Could someone please explain this notation for a partial differential equation?

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The example is from encyclopedia of mathematics.

I'm familiar with the notation $u_x=\frac{\delta{u}}{\delta{x}}$.

But I do not understand what the numeral 4 represents in $u_{x^4}$.

Is it the fourth derivate perhaps?

This type of notation is not explained on the wikipedia page for PDE notation.

  • 2
    $\begingroup$ My guess would be that this is formatted as (for example) u_{x^4}, which is rendered here as $u_{x^4}$. This would be a slightly nonstandard way of writing $u_{xxxx}$, i.e. the fourth derivative in the direction of $x$. Personally, I would prefer $$\frac{\partial^4}{\partial x^4} u, $$ or possibly, using multiindex notation, $\partial^{(4,0,0)} u(x,y,z)$. $\endgroup$ – Xander Henderson May 22 '18 at 0:35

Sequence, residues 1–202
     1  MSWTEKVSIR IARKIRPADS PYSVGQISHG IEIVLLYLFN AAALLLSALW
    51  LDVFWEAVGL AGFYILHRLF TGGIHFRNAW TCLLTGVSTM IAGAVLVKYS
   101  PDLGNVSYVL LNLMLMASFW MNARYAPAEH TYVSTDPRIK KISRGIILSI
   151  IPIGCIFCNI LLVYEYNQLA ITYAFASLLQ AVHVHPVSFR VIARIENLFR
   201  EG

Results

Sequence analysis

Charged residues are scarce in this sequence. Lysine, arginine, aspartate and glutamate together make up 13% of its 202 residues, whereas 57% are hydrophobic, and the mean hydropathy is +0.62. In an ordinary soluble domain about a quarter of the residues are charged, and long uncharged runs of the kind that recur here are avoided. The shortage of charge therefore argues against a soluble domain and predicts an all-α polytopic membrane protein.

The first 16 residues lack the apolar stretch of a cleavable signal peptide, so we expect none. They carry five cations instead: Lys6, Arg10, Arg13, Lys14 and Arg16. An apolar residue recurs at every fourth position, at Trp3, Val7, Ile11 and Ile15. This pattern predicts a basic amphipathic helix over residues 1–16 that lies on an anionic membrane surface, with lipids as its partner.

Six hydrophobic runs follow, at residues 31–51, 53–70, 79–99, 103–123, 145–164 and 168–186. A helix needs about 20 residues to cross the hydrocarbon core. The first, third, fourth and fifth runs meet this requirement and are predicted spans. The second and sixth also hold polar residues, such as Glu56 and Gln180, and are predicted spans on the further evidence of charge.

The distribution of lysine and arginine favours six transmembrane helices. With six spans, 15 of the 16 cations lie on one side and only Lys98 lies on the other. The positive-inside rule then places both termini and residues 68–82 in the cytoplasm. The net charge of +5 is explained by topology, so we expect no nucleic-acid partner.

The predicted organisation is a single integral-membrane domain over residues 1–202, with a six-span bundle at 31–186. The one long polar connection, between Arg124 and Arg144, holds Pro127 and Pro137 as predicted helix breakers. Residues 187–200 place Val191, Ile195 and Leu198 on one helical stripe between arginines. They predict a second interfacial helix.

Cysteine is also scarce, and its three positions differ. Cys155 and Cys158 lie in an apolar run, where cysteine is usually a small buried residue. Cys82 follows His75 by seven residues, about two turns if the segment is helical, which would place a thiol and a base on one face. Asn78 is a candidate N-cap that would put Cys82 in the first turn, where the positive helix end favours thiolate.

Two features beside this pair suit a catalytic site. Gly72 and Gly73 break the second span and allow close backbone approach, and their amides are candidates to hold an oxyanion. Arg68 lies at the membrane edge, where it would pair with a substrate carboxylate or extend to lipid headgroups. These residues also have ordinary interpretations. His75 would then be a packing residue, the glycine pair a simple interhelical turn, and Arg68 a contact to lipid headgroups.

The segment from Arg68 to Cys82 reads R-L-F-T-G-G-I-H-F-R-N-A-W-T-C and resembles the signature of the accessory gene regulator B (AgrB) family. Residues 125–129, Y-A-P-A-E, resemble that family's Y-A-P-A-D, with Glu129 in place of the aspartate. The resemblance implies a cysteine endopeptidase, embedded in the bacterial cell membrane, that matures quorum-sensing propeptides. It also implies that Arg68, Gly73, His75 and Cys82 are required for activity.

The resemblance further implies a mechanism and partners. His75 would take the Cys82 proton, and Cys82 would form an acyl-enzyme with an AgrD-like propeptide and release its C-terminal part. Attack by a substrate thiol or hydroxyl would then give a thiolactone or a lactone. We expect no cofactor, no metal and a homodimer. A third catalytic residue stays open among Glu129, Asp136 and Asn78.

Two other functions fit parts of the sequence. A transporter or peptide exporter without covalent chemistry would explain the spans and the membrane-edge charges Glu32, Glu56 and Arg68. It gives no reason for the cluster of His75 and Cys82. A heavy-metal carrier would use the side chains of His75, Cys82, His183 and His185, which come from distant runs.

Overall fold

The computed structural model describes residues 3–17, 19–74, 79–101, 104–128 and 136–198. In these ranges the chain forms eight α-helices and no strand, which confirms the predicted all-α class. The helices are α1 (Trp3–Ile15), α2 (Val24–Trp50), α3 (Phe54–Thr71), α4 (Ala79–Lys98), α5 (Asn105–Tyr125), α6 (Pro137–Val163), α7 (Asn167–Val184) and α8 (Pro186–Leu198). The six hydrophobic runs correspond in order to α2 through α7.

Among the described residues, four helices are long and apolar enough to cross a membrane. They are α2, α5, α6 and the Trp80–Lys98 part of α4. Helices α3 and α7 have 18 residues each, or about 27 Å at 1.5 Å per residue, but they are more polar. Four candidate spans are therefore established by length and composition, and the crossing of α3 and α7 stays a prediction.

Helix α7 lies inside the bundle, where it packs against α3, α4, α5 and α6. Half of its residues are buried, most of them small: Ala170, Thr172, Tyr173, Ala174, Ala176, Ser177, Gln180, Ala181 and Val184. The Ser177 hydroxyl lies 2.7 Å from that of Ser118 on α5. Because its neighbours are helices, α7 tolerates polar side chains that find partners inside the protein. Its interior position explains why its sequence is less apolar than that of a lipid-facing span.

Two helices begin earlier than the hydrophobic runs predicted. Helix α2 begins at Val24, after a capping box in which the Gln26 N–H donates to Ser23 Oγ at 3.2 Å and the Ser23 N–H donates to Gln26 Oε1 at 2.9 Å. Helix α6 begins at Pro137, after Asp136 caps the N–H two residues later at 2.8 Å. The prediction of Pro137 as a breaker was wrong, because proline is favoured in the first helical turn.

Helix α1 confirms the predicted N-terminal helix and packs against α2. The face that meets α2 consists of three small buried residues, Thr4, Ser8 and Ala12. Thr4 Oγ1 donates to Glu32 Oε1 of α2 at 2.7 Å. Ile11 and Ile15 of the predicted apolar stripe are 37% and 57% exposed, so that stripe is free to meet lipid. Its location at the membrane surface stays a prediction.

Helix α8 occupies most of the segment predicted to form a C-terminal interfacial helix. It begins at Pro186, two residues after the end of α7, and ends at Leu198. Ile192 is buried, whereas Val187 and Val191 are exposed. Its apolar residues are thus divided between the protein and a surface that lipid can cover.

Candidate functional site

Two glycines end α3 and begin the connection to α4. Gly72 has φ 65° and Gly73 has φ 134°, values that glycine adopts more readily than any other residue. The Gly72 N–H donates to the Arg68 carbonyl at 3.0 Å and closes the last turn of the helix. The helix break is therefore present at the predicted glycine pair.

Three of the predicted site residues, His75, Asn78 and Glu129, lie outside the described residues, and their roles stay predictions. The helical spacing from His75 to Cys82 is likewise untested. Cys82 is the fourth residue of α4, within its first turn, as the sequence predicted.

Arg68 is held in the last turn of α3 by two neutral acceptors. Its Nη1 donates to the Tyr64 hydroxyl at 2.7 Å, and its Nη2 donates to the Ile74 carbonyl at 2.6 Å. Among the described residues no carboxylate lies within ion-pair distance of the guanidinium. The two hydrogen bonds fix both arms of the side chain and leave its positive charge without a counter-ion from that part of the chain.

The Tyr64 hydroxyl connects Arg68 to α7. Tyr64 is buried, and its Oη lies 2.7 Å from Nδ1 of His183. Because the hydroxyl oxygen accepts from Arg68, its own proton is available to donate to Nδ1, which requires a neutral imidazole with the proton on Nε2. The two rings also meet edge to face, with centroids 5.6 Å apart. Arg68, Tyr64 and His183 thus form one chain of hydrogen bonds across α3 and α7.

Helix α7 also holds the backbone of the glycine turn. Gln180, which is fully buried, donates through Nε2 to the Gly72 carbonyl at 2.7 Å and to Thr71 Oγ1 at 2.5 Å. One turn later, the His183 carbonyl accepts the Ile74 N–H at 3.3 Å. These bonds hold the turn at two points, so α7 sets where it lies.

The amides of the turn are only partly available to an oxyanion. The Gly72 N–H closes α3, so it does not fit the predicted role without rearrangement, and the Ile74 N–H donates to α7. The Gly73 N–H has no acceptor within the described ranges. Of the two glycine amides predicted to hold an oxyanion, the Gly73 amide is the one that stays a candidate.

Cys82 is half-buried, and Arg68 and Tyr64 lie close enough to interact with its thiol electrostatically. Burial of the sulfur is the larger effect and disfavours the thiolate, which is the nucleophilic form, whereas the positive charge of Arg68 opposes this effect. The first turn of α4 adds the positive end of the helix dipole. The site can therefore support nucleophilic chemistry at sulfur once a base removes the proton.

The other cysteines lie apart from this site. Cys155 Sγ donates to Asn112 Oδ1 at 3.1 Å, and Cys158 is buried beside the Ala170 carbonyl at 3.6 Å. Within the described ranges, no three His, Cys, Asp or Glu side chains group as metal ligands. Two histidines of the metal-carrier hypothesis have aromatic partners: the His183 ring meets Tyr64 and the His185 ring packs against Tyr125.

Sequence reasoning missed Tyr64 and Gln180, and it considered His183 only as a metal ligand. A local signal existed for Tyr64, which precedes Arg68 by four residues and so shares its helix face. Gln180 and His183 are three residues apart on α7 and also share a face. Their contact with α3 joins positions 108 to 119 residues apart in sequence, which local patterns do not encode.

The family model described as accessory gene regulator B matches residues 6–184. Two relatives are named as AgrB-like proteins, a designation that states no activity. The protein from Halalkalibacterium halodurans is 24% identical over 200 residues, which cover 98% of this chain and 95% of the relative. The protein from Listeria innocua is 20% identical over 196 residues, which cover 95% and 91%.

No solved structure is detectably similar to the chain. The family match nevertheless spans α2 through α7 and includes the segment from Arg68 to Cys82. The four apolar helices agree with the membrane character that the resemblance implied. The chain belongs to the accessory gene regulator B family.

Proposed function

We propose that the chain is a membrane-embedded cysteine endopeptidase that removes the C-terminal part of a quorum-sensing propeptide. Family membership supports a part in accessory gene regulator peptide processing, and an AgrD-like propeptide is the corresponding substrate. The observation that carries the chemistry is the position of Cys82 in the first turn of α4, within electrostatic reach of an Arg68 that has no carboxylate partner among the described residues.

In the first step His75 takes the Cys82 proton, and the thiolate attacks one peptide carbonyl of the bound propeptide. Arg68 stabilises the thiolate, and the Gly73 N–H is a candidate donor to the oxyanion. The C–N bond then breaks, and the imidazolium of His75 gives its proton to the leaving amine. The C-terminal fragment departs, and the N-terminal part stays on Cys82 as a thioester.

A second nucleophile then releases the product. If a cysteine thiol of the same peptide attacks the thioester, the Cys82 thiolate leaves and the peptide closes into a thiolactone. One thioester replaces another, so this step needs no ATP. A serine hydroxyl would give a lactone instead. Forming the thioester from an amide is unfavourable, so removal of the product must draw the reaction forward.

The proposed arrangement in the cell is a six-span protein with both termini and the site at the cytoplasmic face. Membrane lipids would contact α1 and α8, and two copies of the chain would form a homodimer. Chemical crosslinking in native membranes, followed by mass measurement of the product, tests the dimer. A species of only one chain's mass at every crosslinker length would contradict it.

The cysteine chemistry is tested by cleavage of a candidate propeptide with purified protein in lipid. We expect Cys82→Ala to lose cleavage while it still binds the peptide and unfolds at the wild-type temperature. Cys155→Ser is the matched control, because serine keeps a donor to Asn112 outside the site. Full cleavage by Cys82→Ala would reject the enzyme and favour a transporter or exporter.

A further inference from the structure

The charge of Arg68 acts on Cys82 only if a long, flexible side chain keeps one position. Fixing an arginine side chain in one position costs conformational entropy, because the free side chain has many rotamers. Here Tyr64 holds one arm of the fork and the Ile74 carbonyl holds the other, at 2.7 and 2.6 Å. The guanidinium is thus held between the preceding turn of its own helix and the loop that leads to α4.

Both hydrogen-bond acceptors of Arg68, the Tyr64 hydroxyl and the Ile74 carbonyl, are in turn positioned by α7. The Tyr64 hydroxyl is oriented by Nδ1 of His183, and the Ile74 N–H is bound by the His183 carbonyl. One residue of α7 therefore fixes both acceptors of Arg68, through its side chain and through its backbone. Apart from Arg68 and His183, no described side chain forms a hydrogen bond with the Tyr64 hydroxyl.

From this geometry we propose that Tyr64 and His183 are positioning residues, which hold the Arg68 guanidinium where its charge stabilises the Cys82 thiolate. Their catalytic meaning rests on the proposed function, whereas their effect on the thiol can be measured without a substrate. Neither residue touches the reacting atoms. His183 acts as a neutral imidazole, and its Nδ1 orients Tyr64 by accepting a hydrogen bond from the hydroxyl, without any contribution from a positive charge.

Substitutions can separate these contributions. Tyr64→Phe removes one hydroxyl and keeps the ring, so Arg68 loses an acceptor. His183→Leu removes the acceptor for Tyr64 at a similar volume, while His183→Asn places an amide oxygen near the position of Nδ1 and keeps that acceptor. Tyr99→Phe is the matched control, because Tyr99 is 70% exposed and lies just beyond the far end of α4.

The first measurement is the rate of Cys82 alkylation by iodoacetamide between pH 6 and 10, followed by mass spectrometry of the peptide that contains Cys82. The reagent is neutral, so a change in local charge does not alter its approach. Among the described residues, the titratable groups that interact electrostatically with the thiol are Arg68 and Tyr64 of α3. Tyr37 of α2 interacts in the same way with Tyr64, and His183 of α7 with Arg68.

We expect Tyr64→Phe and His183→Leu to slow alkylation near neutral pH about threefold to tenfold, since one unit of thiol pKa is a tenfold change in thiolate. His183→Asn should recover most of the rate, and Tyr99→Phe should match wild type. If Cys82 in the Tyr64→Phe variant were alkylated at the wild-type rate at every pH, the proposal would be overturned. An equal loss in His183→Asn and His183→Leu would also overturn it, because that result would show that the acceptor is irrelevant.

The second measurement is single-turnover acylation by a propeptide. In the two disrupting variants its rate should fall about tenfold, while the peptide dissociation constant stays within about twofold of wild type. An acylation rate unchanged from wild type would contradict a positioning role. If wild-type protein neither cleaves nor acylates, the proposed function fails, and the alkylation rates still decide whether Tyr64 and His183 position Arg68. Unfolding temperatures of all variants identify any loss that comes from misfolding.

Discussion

It means the fourth derivative with respect to the same variable. It is written like that just to avoid long indices. For example :

$$u_{x^4} = u_{xxxx}, \; u_{y^4} = u_{yyyy}, \; u_{z^4} = u_{zzzz}$$

  • $\begingroup$ Excellent thanks. I will add that explanation to wikipedia. $\endgroup$ – Bill May 22 '18 at 0:27
  • $\begingroup$ No problem ! Sometimes notations are not widespread used but one can interpret them from the given problem (for example elliptic equations are with respect to bigger differentiate factors, and the numeral index couldn't mean many more things). If you consider your question answered you can accept the answer ! $\endgroup$ – Rebellos May 22 '18 at 0:29
  • $\begingroup$ I have to wait 8 mins before accepting. $\endgroup$ – Bill May 22 '18 at 0:30
  • $\begingroup$ An editor at wikipedia removed my edit of the page saying "Extremely uncommon notation". I guess someone should inform encyclopedia of mathematics about that. $\endgroup$ – Bill May 23 '18 at 19:52
  • $\begingroup$ It's indeed uncommon but makes sense. $\endgroup$ – Rebellos May 23 '18 at 19:56

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